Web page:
Want a smart kid? Let them play (video games).

Video games may be a convenient whipping boy for many of society's problems, but they have their benefits as well. According to a new paper from the Radboud University Nijmegen in the Netherlands, video games teach spatial relations, problem solving, and persistence.

Rich Pedroncelli/AP
Video games help players develop spacial relation skills and reaction time, according to a new study. Here, Sacramento Police Officer Vance Chandler trains on a video game developed by the US Army in Sacramento, Calif., Nov. 20.

To much of the media much of the time, video games are a convenient whipping boy for all of society's problems: they distract the youth from social interaction and school, they encourage violence, they reward the meaningless wasting of time. It has always been clear that this view is (at best) half right, and that there's more going on in the world of video games than that, and a paper entitled "The Benefits of Playing Video Games" (from the Radboud University Nijmegen in the Netherlands) does a great job of exploring the sunny side of the industry.

Overlooked in much of the popular obsession with the harm caused by video games are two really important points: First of all, games have changed immeasurably over the past decade, becoming far more complex and social.

Secondly: all video games are not alike. More accurately, they vary wildly in terms of tone, scope, objectives, and gameplay style – The Sims franchise is nothing like Civilization which is nothing like Call of Duty which is nothing like Minecraft. "The Benefits of Playing Video Games" likens making a broad assertion about all games to making a broad assertion about the health value of food in general – you really need to get more specific.

And like food, video games are no luxury – they're essentially omnipresent, with 97% of children and adolescents playing at least an hour of video games a day, and the industry earning more than double in 2010 ($25 billion) what Hollywood's box office sales were in the same year ($10.8 billion.)

That in mind, what's to like about the way these ubiquitous, sprawling, financially lucrative entertainment properties are shaping our kids' brains? Quite a bit, argues the paper. Games (particularly shooters) are one of the fastest ways to develop spatial relations skills. They're actually good at teaching problem solving. They're a legitimate creative outlet. And, more important than all of those points:

They're brilliant motivators.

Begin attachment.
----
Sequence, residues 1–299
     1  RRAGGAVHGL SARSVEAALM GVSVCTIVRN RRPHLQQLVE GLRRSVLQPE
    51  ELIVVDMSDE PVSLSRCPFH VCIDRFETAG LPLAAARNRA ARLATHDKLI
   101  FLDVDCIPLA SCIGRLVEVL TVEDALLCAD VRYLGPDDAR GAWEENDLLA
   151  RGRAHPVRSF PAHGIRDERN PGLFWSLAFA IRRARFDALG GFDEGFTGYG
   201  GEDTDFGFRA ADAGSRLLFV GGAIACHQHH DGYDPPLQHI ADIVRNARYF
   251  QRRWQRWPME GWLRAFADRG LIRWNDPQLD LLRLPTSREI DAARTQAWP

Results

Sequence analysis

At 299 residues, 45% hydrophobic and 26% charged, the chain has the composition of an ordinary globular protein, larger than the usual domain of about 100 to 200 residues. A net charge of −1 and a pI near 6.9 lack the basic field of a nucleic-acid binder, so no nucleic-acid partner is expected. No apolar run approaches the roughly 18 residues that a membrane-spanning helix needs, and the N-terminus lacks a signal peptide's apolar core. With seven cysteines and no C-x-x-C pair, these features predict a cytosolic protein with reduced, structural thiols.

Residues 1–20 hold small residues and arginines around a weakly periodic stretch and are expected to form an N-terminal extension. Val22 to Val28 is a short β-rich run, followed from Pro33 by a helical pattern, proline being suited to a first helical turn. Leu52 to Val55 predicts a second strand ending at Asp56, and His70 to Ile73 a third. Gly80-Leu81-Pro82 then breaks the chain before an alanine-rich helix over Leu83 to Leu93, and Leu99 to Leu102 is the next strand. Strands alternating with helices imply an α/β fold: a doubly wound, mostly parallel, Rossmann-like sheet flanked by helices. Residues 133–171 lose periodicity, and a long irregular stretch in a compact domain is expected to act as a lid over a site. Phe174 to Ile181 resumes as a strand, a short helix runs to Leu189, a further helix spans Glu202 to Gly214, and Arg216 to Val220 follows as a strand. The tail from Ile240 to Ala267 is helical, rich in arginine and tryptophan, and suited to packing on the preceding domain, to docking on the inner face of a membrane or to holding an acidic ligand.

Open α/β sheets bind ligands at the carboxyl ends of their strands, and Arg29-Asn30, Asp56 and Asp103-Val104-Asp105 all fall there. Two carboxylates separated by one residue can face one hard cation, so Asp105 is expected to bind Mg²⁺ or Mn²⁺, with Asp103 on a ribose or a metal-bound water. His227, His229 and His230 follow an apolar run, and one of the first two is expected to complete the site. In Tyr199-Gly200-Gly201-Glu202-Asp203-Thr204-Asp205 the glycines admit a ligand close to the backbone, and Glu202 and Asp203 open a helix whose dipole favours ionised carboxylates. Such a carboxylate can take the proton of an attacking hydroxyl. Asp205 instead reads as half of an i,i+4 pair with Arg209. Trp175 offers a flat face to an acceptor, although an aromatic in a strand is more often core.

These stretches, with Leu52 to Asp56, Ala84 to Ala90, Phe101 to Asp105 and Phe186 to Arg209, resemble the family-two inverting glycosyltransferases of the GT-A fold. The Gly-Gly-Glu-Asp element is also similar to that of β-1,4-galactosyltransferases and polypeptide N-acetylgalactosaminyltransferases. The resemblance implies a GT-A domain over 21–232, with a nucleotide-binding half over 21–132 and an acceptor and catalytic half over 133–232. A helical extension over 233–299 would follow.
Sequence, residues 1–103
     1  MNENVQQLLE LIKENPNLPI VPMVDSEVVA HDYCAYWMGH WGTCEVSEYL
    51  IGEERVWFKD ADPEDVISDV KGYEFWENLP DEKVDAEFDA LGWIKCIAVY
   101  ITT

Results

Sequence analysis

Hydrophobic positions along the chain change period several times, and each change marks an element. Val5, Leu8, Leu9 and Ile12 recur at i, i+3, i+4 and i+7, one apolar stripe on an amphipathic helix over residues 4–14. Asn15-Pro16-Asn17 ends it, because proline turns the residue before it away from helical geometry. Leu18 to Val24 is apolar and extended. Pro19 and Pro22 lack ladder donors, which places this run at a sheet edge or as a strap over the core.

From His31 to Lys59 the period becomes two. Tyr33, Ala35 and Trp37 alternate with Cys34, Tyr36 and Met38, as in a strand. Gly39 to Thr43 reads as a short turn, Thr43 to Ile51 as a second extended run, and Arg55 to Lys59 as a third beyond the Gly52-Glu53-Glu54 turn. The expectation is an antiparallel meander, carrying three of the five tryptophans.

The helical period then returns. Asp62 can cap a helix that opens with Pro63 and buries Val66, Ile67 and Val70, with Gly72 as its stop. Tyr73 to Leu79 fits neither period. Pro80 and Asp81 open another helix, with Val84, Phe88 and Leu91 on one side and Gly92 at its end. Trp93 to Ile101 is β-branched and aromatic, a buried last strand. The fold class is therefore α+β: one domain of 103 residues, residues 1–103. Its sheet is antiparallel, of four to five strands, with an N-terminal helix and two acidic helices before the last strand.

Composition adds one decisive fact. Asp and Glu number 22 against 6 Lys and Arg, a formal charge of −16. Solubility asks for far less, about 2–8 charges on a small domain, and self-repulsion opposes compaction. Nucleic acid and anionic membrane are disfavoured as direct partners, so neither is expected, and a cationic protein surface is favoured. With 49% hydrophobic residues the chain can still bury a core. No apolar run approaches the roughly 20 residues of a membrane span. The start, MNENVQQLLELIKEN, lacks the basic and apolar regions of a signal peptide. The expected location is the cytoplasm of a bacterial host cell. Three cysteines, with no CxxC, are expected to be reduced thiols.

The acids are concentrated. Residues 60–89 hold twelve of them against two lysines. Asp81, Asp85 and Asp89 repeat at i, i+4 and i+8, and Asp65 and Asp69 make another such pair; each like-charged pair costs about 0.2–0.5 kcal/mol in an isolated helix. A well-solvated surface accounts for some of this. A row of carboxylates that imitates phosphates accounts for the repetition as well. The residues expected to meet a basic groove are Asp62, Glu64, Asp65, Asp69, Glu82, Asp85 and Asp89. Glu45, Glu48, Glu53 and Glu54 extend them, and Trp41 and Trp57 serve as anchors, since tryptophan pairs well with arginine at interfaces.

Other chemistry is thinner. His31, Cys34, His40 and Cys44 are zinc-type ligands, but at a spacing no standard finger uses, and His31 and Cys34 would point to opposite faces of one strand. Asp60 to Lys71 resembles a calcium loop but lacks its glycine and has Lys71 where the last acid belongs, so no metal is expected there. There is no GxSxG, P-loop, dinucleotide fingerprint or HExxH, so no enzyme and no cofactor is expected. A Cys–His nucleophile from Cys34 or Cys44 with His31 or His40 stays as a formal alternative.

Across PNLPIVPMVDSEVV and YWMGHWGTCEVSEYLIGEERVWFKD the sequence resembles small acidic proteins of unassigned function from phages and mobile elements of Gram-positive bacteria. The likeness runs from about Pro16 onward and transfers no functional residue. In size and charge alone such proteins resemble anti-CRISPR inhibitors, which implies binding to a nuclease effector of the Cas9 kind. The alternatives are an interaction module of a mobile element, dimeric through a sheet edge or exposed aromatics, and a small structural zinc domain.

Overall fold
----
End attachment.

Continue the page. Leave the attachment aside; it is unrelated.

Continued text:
Games build skills through repetition and variation, by adding a storytelling context that make exercises seem both fun and part of some greater whole, and by rewarding persistent effort. They're born teaching tools, even if they're not often deployed that way.

Even more interestingly: games actually help kids view intelligence productively, a meta-benefit that many other future benefits flow from. What does that mean? You can praise a child for being smart – saying, in effect, "you are smart, and if you succeed it's because of that innate quality, and if you fail, you must not be smart." Result: a kid afraid to take risks and fail because of what it might mean to their self-image. It's the "entity theory" of intelligence.

Or you can praise a child for working hard and trying to figure a problem out, encouraging the effort, and suggesting that you can get smarter and better via hard work. That's the "incremental theory" of intelligence, and it's the road to glory in terms of real achievement in life – and it's something that games, with their ramping difficulty levels, neatly solvable problems, and big "you did it!" reward screens directly supports.

The future of education, therefore, may not be games versus the classroom; it may be games as the classroom, or at least a significant part of it. And we can either embrace that prospect or panic about it. The incremental theory of intelligence seems to suggest that if we plug away it, we'll get better and better, to the benefit of all.

You've read  of  free articles. Subscribe to continue.

Dear Reader,

About a year ago, I happened upon this statement about the Monitor in the Harvard Business Review – under the charming heading of “do things that don’t interest you”:

“Many things that end up” being meaningful, writes social scientist Joseph Grenny, “have come from conference workshops, articles, or online videos that began as a chore and ended with an insight. My work in Kenya, for example, was heavily influenced by a Christian Science Monitor article I had forced myself to read 10 years earlier. Sometimes, we call things ‘boring’ simply because they lie outside the box we are currently in.”

If you were to come up with a punchline to a joke about the Monitor, that would probably be it. We’re seen as being global, fair, insightful, and perhaps a bit too earnest. We’re the bran muffin of journalism.

But you know what? We change lives. And I’m going to argue that we change lives precisely because we force open that too-small box that most human beings think they live in.

The Monitor is a peculiar little publication that’s hard for the world to figure out. We’re run by a church, but we’re not only for church members and we’re not about converting people. We’re known as being fair even as the world becomes as polarized as at any time since the newspaper’s founding in 1908.

We have a mission beyond circulation, we want to bridge divides. We’re about kicking down the door of thought everywhere and saying, “You are bigger and more capable than you realize. And we can prove it.”

If you’re looking for bran muffin journalism, you can subscribe to the Monitor for $15. You’ll get the Monitor Weekly magazine, the Monitor Daily email, and unlimited access to CSMonitor.com.